Lee Kuan Yew, who is said to be the father of Singapore, was no ordinary leader.
The 91-year-old leader who recently died has left behind a rich legacy that is difficult to match by leaders either in the past or currently.
Born in 1923, Lee co-founded Singapore in 1965 when he declared its independence from Malaysia and led the country for more than three decades.
The current Prime Minister, Lee Hsien Loong, said of his father, “He fought for our independence, built a nation where there was none and made us proud to be Singaporeans.”
Building up Singapore was his passion, the Prime Minister also said, citing a quote from his father: “At the end of the day what have I got? A successful Singapore. What have I given up? My life.”
Lee has been accorded praises and accolades by leaders around the world for his work and contribution to the building of Singapore into a modern nation state.
President Obama viewed Lee as a visionary who helped him formulate U.S. policy of “rebalancing to the Asia Pacific,” when the two met in Singapore in 2009.
“He was a true giant of history who will be remembered for generations to come as the father of modern Singapore and as one the great strategists of Asian affairs,” the President said.
“Lee Kuan Yew (LKY) has left us; but, what a leader! He was born in British Singapore, baptised Harry, but sunk the name. Took his people from penury to prosperity, as his small island led the global metrics of success,” said Dr. Franklin Johnston, in a newspaper column.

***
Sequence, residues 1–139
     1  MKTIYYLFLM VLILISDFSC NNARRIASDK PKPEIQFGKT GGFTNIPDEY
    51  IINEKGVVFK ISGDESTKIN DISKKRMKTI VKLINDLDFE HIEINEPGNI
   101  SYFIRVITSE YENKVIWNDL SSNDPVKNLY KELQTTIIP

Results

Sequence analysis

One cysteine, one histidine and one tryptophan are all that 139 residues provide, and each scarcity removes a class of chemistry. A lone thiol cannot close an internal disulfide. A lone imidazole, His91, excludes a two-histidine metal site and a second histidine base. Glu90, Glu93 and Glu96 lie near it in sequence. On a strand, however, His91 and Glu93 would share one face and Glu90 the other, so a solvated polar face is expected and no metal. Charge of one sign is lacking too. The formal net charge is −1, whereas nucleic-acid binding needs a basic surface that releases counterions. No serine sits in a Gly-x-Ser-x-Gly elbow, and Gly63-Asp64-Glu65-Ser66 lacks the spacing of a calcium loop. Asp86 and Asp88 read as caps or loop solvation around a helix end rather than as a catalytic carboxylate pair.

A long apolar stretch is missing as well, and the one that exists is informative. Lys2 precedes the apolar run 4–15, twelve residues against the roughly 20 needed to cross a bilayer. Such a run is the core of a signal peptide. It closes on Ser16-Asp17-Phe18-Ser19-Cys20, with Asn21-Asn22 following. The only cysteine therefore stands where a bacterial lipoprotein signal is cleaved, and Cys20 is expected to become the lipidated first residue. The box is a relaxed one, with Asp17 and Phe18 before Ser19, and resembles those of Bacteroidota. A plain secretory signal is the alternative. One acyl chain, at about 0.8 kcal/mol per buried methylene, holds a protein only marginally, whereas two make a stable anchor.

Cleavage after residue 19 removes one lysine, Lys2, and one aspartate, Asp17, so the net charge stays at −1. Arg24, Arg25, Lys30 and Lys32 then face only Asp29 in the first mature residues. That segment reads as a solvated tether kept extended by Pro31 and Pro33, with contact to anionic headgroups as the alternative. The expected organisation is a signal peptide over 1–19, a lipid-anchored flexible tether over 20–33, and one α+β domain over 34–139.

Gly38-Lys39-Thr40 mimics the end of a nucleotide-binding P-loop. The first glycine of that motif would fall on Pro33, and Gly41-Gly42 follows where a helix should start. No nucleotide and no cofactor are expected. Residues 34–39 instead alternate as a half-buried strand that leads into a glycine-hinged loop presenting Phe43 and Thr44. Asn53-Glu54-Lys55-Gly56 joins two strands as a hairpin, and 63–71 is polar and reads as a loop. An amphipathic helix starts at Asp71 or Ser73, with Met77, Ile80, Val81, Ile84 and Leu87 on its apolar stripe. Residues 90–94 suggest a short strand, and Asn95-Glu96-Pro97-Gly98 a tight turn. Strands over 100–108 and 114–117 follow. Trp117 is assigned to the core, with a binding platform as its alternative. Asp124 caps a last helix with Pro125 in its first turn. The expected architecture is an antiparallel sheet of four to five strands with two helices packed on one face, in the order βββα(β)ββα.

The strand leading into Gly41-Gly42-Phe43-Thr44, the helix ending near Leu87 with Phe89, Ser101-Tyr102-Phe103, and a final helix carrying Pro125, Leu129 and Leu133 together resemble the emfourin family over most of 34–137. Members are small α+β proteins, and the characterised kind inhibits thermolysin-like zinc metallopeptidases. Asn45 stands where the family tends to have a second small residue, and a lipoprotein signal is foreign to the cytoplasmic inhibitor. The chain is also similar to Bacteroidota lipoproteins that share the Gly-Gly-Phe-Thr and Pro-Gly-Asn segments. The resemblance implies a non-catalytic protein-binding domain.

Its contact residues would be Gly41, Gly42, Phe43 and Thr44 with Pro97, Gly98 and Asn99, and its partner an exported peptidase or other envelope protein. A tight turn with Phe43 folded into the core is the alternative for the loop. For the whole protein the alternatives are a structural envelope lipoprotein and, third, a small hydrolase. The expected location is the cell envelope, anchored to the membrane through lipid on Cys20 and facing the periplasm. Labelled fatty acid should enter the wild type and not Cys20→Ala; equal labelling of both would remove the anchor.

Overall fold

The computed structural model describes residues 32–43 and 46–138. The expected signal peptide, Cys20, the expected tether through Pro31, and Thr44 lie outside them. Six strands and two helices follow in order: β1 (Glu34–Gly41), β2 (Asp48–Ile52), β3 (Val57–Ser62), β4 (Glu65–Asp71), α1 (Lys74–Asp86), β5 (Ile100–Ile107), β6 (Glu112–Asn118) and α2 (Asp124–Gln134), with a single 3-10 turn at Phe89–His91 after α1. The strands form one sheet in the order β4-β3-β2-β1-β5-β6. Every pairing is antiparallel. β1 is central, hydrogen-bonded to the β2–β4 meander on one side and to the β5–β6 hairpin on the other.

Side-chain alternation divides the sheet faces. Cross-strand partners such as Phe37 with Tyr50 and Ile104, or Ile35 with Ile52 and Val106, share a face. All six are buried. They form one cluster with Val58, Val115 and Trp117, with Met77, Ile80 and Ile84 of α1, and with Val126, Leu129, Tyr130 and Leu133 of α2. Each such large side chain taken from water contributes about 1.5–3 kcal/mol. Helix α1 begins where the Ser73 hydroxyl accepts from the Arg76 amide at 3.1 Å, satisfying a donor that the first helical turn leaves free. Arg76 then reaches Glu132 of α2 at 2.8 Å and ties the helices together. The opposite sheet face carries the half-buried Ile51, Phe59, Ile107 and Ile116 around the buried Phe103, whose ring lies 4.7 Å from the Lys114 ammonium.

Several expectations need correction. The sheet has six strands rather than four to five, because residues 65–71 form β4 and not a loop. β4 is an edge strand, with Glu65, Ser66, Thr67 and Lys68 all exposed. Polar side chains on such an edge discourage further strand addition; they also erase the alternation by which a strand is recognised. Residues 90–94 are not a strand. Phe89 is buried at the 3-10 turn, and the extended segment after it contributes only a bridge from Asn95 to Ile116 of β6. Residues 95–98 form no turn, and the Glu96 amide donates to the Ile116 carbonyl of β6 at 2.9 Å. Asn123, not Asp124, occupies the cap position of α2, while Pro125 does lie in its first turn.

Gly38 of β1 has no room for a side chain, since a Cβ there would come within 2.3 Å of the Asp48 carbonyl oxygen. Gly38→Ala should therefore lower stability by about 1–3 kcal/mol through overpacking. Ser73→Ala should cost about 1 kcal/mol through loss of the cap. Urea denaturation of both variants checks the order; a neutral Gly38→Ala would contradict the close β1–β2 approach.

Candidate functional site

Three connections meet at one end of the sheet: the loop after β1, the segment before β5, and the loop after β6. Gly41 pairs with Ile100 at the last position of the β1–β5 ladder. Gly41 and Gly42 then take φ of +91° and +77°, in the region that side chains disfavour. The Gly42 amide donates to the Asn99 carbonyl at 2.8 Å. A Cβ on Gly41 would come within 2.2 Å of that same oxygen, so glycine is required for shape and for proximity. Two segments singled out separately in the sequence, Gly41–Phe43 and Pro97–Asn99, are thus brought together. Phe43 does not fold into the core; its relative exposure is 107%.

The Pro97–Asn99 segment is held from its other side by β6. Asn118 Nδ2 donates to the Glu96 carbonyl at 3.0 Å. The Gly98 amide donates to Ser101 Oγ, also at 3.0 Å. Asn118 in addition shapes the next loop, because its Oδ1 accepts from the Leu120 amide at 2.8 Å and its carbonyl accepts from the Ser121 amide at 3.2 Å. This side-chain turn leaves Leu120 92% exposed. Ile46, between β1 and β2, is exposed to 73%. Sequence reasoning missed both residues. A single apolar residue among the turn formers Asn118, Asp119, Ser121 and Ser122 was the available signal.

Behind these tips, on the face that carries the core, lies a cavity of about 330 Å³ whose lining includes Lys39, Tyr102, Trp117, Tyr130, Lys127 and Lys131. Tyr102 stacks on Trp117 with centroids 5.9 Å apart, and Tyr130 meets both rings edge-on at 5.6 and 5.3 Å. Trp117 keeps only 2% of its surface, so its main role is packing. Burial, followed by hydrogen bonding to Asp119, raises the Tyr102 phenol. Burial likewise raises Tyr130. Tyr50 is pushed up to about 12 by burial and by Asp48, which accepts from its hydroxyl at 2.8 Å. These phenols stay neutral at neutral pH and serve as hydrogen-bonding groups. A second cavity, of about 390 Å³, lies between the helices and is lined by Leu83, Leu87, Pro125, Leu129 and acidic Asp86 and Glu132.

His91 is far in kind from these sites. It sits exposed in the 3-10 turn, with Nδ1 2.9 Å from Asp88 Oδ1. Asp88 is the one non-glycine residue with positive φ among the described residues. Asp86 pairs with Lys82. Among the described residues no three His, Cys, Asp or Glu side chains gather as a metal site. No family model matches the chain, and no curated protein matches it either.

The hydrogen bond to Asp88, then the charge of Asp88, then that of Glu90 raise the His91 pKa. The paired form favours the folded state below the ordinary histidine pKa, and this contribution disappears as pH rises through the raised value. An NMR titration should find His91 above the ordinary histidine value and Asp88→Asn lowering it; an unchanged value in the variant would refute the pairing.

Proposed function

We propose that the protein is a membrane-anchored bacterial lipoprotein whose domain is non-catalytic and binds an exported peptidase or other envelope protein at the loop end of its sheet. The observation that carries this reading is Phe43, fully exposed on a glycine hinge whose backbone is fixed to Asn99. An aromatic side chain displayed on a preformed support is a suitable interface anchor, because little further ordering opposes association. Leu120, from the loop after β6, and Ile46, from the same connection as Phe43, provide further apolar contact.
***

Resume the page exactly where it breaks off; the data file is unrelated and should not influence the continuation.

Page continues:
Lee was a lawyer by training; however, he turned to politics in the early 1950s, forming his own political party, the People’s Action Party in 1954.
After Lee’s Party, PAP gained power and he was installed as Prime Minister he introduced a five-year plan calling for urban renewal and construction of new public housing, greater rights for women, educational reform, and industrialization.
Since then, there has been no looking back for Singapore as by the 1980s, Singapore, under Lee’s guidance, had a per capita income second only to Japan’s in East Asia, and the country had become a chief financial center of Southeast Asia.
Today, many leaders are using Singapore as a point of reference for best practices. For example, Jamaica’s leader of Opposition said recently in a budget speech, “Singapore has stepped up and moved its people from poverty to prosperity.” We can do the same. In 1962 Jamaica’s GDP per capita was approximately US$460…Singapore’s was US$470. Jamaica’s, in 2013, was US$5,290. Singapore’s was US$55,192. Today in Singapore a cleaner earns the equivalent of $100,000 per month. A similar person employed in Jamaica would earn just about $22,000. “Mr Speaker,” Holness said, “the real point to be made is the movement from poverty to prosperity for our people is possible.”
Lee’s leadership is one that cannot be easily questioned, and there is no doubt that he was a leader of leaders who understood the sweep of history and people.
To borrow from Dr. Johnson, other countries and leaders left to their own devices, eat, sleep, excrete, procreate, burn calories, create mischief, get hungry, and the cycle starts over.
That cycle it must be said was upset by Lee a long time ago.
Now, the question is are other leaders especially those from third world countries prepared to change the course of history, ala Lee or are they set on continuing or perpetuating that putrified cycle?
Yvad Billings, Readers Bureau, Fellow
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